With these issues in mind, Penny commissioned the design of ROMBi to cultivate perceptual organisation/integration.

Structured handplay with ROMBi by lays down new pathways that bypass these issues, and gives a purer and more comprehensive access to the geometric information necessary for effective organisation of ideas.

The nature of the puzzle makes it an experience of steadily increasing autonomy and self-reliance, which is a source of security, jubilation, and a sense of freedom from others.

Case Study

Jessica was formerly a DSA student whose needs assessment Penny conducted in 2010. She hadn't been able to get a job since leaving university and contacted Penny for some advice. Her diagnostic assessment confirmed dyslexia and dyspraxia.

Penny met with Jessica weekly and provided her with a ROMBi, asking her to do a puzzle a day and to write any changes that she noted in a journal. Since then, she reported:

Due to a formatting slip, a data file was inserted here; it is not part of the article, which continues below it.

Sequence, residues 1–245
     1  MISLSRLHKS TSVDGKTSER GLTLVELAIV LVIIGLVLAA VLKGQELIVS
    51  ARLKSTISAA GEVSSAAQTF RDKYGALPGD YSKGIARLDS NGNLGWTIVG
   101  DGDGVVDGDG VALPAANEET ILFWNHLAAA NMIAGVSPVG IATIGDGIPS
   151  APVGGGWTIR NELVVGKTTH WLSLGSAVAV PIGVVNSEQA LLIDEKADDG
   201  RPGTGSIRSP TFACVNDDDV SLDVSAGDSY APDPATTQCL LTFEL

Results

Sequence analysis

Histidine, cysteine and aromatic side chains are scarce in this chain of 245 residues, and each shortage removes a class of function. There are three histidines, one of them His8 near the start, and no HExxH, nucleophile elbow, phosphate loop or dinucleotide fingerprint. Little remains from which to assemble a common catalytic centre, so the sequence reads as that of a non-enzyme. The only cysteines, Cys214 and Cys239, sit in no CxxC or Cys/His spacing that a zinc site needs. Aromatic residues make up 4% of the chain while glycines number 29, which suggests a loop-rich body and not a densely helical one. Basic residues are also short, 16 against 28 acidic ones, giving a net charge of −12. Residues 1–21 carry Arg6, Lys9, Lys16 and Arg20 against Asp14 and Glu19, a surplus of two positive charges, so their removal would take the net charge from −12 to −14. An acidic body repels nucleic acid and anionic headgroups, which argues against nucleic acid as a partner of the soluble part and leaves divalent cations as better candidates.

• Becoming able to read for the first time, as her visual perception stabilised – from the first week;
  • Her spelling began similar early improvement, the spellchecker now recognises her attempts.
  • She is seeing things differently, her mood has improved, she can manage her relationships with others better, and is developing her ability to plan and organise.

ROMBi and Literacy

For intelligence and capability to find expression in organised, coherent, creative forms, learners (regardless of age) need access to relevant structures within their tangible experience.

Regular usage of ROMBi can provide those structures and allows common terms of reference for teachers and learners engaging with key challenges including, wellbeing, personal development, inclusion, behaviour, conflict, intellectual and practical development.